Says Akinmusire, "Jason's been an inspiration to me since I've been in high school. I've had the opportunity to play with him a few times. He's someone I turn to when I need advice career-wise and musically. Him being there, just his energy and his presence, helped a lot of people to be comfortable with the music in the studiowhich is an environment that I find it hard to really play in. I know a lot of my peers feel the same way. Jason is someone who is always is hitting at 100 percent in the studio, no matter where he is. Just having him around helped bring that vibe onto the album."
Akinmusire was contacted in 2009 by Blue Note's Bruce Lundvall and had about a year to develop the project before recording in the fall of 2010. He wrote a lot of music in that time, but settled on a precise idea of what to bring to the studio. "Everything that's on the CD is what we recorded. There are no tunes that didn't make the album," he says. "The first two days we recorded with everybody isolated. On the last day we just went in there and played, everybody in the same room. Some of the takes, like 'The Walls of Lechuguilla,' and the duo stuff with Gerald and I, 'What's New' and 'Regret,' those are in the same room, no edits."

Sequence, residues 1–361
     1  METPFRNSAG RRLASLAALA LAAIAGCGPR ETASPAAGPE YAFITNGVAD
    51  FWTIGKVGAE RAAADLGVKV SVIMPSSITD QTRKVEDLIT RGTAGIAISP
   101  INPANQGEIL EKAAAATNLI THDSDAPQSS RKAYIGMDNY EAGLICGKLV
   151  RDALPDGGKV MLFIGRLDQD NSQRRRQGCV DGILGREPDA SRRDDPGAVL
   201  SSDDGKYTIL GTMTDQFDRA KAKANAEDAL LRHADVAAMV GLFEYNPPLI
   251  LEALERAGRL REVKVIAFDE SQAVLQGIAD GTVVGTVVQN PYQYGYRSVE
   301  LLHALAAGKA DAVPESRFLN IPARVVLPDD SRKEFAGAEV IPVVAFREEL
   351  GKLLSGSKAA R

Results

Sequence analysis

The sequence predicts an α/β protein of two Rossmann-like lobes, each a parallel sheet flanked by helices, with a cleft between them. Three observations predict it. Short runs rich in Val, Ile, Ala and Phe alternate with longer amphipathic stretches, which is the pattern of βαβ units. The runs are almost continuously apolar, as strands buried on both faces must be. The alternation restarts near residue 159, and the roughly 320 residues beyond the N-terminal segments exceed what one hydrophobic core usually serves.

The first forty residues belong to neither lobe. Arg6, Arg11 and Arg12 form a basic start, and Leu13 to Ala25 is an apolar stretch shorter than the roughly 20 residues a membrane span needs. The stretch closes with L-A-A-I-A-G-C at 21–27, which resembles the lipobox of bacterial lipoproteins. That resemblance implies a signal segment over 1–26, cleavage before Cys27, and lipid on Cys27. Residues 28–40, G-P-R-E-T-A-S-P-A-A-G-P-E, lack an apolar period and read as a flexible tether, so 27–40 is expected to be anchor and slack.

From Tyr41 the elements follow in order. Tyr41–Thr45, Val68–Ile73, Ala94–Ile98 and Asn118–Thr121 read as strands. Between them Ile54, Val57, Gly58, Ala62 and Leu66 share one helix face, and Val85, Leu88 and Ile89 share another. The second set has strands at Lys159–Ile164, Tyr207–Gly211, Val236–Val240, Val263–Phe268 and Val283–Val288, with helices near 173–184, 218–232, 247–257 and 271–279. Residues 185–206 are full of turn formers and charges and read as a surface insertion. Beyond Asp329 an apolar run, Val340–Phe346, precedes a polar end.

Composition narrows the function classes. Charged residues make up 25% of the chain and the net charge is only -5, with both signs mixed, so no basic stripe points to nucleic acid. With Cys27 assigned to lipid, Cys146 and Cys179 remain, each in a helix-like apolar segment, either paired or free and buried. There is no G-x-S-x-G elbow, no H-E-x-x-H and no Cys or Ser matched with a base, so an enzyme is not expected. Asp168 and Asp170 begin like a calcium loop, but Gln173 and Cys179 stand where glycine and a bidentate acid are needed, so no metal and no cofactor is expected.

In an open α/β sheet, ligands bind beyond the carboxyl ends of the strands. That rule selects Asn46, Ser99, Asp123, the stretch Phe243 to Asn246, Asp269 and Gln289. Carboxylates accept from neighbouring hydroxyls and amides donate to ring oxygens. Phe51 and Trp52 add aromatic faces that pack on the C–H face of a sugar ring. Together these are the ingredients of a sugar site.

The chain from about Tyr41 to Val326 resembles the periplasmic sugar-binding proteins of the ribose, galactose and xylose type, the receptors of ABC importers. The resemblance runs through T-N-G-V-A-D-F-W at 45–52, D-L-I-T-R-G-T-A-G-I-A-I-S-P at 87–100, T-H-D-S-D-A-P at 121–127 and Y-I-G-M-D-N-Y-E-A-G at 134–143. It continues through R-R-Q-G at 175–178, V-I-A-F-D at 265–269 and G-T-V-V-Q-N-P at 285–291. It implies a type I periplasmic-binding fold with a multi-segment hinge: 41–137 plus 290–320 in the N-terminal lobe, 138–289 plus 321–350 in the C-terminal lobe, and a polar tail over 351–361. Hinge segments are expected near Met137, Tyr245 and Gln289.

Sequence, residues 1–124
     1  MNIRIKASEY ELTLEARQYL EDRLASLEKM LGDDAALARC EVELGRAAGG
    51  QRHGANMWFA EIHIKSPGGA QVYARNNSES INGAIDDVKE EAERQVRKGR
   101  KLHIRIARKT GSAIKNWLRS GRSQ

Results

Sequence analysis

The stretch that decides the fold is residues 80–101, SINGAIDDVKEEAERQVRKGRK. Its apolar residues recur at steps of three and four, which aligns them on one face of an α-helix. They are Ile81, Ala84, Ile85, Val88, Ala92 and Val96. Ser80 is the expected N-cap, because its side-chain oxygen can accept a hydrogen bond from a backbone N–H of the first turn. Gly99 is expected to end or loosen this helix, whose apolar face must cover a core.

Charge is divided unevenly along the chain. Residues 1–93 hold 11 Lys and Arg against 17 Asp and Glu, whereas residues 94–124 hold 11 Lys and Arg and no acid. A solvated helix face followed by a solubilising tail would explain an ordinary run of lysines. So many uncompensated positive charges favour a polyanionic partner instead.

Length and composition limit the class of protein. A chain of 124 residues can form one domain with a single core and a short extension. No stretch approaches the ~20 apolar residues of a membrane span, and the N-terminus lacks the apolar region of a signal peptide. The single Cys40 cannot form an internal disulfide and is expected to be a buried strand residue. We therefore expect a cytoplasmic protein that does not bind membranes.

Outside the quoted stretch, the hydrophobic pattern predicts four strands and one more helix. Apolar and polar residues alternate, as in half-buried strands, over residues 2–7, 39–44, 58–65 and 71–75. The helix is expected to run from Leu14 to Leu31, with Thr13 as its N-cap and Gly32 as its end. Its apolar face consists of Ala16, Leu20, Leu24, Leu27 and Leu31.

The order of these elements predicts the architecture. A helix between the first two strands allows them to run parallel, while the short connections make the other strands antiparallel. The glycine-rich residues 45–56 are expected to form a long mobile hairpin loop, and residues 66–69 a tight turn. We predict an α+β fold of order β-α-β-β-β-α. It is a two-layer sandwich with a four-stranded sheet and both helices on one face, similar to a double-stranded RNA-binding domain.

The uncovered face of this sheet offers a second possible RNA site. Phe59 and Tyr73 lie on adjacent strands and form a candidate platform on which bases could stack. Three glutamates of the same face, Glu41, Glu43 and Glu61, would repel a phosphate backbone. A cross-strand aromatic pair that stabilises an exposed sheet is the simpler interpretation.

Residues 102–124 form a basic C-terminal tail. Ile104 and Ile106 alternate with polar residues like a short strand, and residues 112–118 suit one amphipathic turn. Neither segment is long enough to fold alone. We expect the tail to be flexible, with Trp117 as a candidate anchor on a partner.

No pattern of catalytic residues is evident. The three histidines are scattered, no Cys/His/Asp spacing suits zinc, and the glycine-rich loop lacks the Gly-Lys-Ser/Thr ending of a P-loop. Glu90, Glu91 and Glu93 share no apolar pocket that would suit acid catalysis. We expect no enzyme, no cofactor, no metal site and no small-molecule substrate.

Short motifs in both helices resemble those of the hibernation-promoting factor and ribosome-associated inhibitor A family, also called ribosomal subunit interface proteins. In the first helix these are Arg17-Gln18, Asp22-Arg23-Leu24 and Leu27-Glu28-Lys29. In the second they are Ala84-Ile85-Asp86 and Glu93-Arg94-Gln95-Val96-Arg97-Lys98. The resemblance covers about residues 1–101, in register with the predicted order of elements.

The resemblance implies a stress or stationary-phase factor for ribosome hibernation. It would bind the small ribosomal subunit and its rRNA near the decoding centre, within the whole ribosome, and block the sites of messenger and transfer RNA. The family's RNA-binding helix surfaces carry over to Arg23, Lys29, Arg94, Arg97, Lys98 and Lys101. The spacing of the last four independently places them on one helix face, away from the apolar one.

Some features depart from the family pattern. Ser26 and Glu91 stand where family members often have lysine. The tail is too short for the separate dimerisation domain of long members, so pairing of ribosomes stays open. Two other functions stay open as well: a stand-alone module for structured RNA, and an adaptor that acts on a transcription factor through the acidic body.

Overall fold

"Confessions to My Unborn Daughter" is an interesting, melodic, way to jump into the CD, with Akinmusire and Smith weaving lines adroitly over the rhythm. Smith takes one of many attractive, serpentine solos, building tension as he goes. Akinmusire's trumpet opens by careening off the edges of his composition, then moving toward its center before skittering off. The composition becomes majestic. The musical dialogue among the group is compelling, and it holds that way throughout the whole recording, whether it's the entire band or just trumpet and piano. Tunes flow into one another. Moods shift. Ethereal sections give way to edgier examinations. Clayton gets to exhibit his luscious touch and fertile ideas. The rhythm of Brown and Raghavan is supportive and flexible. Akinmusire is fiery and never predictable. Forceful, probing, soaring. At times gentle as a kitten. Piano-trumpet duets are gorgeous and entrancing.